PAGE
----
Young children’s partners in learning about the world around them are their families and, when in early learning education and care programs, their caregivers or teachers. Our commitment as educators is to ensure every child’s optimal development through strong parent-teacher partnerships. Simply put, what children learn and how they learn are largely a function of their relationships with parents, siblings, peers, and caregivers or teachers.
Meaningful family engagement in children’s early learning supports school readiness and later academic success. For family engagement to be integrated throughout early childhood systems and programs, providers and schools must engage families as essential partners when providing services that promote children’s learning and development.
Supports that build on family and strengths and promote family engagement may be provided through:
Strong, trusting relationships between teachers and families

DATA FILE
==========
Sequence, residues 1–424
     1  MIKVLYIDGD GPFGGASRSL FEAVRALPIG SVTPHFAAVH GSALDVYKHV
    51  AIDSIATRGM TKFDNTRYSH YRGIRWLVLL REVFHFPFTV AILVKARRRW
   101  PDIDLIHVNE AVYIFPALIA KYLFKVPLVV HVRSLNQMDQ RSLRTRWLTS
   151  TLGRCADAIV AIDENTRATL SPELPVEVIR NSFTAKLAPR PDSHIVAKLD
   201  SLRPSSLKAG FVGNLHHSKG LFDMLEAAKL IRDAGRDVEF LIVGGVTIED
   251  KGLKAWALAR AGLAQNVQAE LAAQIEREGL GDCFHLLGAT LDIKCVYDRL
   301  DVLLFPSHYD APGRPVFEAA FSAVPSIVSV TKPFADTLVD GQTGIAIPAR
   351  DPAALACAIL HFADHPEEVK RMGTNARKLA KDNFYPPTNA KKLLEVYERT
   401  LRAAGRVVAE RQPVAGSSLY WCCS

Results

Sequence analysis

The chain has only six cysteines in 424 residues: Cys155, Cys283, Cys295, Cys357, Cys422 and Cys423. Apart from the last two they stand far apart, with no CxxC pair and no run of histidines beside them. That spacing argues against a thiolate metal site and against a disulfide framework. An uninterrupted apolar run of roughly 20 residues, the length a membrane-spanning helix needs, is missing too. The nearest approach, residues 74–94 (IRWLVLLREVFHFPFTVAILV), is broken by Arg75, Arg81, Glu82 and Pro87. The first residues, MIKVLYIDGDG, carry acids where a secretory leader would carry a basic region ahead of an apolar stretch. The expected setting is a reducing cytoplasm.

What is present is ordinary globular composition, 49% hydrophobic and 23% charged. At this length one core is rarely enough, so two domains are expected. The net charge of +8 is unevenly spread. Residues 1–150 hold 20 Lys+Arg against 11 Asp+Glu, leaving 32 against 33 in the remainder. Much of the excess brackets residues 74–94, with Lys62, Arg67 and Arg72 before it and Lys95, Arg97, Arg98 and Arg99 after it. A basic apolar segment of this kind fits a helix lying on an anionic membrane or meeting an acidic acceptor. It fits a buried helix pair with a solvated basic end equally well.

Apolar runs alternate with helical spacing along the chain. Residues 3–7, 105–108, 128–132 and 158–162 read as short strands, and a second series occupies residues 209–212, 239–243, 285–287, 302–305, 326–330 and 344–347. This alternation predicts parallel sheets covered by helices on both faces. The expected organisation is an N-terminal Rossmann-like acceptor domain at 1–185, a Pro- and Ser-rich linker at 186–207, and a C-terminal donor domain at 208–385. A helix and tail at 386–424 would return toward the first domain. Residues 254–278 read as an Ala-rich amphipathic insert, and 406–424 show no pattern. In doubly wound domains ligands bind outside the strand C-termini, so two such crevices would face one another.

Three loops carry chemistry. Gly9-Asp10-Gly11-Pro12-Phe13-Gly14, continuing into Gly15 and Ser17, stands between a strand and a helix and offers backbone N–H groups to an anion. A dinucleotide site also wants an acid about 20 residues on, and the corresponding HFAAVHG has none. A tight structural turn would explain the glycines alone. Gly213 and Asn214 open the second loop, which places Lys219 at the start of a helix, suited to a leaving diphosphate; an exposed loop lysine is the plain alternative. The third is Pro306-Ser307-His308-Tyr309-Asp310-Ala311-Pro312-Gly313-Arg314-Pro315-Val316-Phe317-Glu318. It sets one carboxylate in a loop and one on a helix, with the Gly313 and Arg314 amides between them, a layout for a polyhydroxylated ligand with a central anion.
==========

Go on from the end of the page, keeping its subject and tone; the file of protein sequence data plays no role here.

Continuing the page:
Recognition, respect, and support for families’ needs as well as differences
Identified classroom practices that help families feel welcome
Onsite comprehensive services
Partnerships with organizations and specialists in the community
Strong family engagement in early childhood systems and programs is central—not supplemental—to promoting children’s healthy intellectual, physical, and social-emotional development; preparing children for school; and supporting academic achievement in elementary school and beyond. Connected and engaged families are better supported as they teach, nurture, and advocate for their children, and in turn, they support and improve the early childhood systems that care for and teach children. This collaborative partnership results in children having a more positive attitude toward school, staying in school longer, having better attendance, and experiencing more school success.
I encourage you to visit this link that provides more information, tools, and ideas: https://y4y.ed.gov/tools/#family. You are the welcoming doorway for parents and families to connect with children’s learning and development and they, too, are valuable resources for your program or classroom.